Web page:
Using artificial intelligence to model complex systems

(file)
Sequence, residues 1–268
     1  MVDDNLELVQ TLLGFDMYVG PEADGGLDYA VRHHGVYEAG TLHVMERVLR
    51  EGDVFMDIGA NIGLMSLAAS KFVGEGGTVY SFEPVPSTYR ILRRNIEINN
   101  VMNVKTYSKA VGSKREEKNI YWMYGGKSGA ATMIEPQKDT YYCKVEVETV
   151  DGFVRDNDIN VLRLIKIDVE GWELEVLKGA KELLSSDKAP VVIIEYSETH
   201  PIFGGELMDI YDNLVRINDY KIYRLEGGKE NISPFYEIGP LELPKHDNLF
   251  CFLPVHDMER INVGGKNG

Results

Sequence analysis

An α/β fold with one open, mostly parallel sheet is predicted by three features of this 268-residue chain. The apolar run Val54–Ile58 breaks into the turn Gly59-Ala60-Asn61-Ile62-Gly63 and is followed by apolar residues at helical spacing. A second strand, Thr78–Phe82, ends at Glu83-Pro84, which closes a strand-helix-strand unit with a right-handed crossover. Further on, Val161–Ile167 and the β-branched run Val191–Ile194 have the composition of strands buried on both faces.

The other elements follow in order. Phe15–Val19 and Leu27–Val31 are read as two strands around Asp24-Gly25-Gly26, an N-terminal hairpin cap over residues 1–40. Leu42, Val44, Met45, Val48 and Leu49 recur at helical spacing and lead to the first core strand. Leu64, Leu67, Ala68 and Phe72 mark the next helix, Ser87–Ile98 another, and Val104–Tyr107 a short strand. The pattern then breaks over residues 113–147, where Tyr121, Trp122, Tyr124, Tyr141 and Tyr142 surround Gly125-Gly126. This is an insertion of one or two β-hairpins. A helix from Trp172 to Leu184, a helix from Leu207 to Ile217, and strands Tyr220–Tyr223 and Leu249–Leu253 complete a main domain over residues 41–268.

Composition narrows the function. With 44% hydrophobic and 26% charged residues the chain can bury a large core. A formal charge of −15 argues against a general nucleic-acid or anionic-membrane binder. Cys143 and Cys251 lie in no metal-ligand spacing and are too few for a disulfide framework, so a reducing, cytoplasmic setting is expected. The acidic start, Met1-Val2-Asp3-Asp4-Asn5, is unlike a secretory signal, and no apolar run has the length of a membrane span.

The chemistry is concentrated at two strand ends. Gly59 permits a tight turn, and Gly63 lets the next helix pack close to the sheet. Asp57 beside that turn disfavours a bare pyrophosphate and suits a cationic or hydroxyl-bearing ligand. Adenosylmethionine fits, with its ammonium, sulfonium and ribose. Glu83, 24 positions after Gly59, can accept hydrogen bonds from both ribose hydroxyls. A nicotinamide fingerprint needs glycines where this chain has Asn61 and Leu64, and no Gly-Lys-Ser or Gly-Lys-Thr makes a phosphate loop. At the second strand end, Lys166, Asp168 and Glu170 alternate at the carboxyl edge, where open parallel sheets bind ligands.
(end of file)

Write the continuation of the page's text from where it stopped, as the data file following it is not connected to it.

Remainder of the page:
Two observations underpin this thesis; 1. There is a need for automated pattem-recognition techniques that allow processes requiring skills normally associated with the human brain to be carried out rapidly, reliably and cheaply, and; 2. The current methods applied to solving artificial intelligence (AI) problems are insufficient to the task of creating generalised systems capable of pattem-recognition and environmental interaction. Neural networks (NNs) are a good method of solving AI problems that are difficult or impossible to solve using knowledge-based or symbolic techniques. NNs provide the flexibility to analyse poorly-defined systems or systems that are general in nature, and also provide the ability to learn from noisy, complex data sets. The main problem with the use of NNs to date has been that one NN's structure and dynamics may work for a specific problem, but if this problem is changed slightly then it is difficult to determine the optimal settings for the network to enable it to adapt to the new situation. The use of evolutionary methods is emphasised throughout this thesis as a way of optimising NN system performance. Several methods have been developed through the course of this thesis that improve the performance of NN models. One of the most important is the use of a biologically plausible node and connection modification algorithm. In this method, local effects such as the activation levels of nodes at either end of a connection or a node's past activation history are the only input parameters which network components use for their adjustment. Included in the biological plausibility argument are NN structuring methods that mimic specific areas of the brain. One example is the visual system, in which a pyramidal structure is applied that permits a hierarchical pattern recognition process to develop. This process builds the image recognition up from small 'substructures' in successive layers, allowing the system to recognise objects that are not specifically defined by the user. Arguments are made that an AI systems's utility is limited if it does not have the capability of interacting with its environment. A system that merely observes without attempting to alter or exist within an environment is only half of the story. From a biological standpoint, intelligence is the result of successive generations of organisms interacting with and altering their environment. Limiting an AI system's ability to interact with the environment can only place restrictions on the capabilities of that system, not improve them. Following development of a suite of applicable pattem-recognition techniques, work is carried out in order to implement these methods within a simple environment. For the moment, a virtual 'block world' is used that is relatively easy and cheap to manipulate. The importance of both modularity and sensory feedback to the ability to develop complex behaviours is investigated, with these two concepts included in the overall evolutionary strategy of system development. The results obtained show that the techniques developed provide a pattem- recognition and learning system that is capable of being applied to general problems and that learns without human intervention. In comparison to classical NN techniques the systems developed show superior learning abilities and can be applied in less specific situations. The use of modularity and sensory feedback in the animat simulations has allowed the development of behavioural patterns that are difficult to achieve using homogeneous, input-output systems. Evolutionary methods have allowed system optimisation in a way that is impossible to achieve through trial and error, and which also permit the system to be easily fine-tuned towards specific problems and situations. With current advances in computer speed and memory capacity, it is now possible to implement NNs comparable in size to the nervous systems of small animals. The methods used here provide the potential to provide these NNs with the sophistication displayed by their organic counterparts.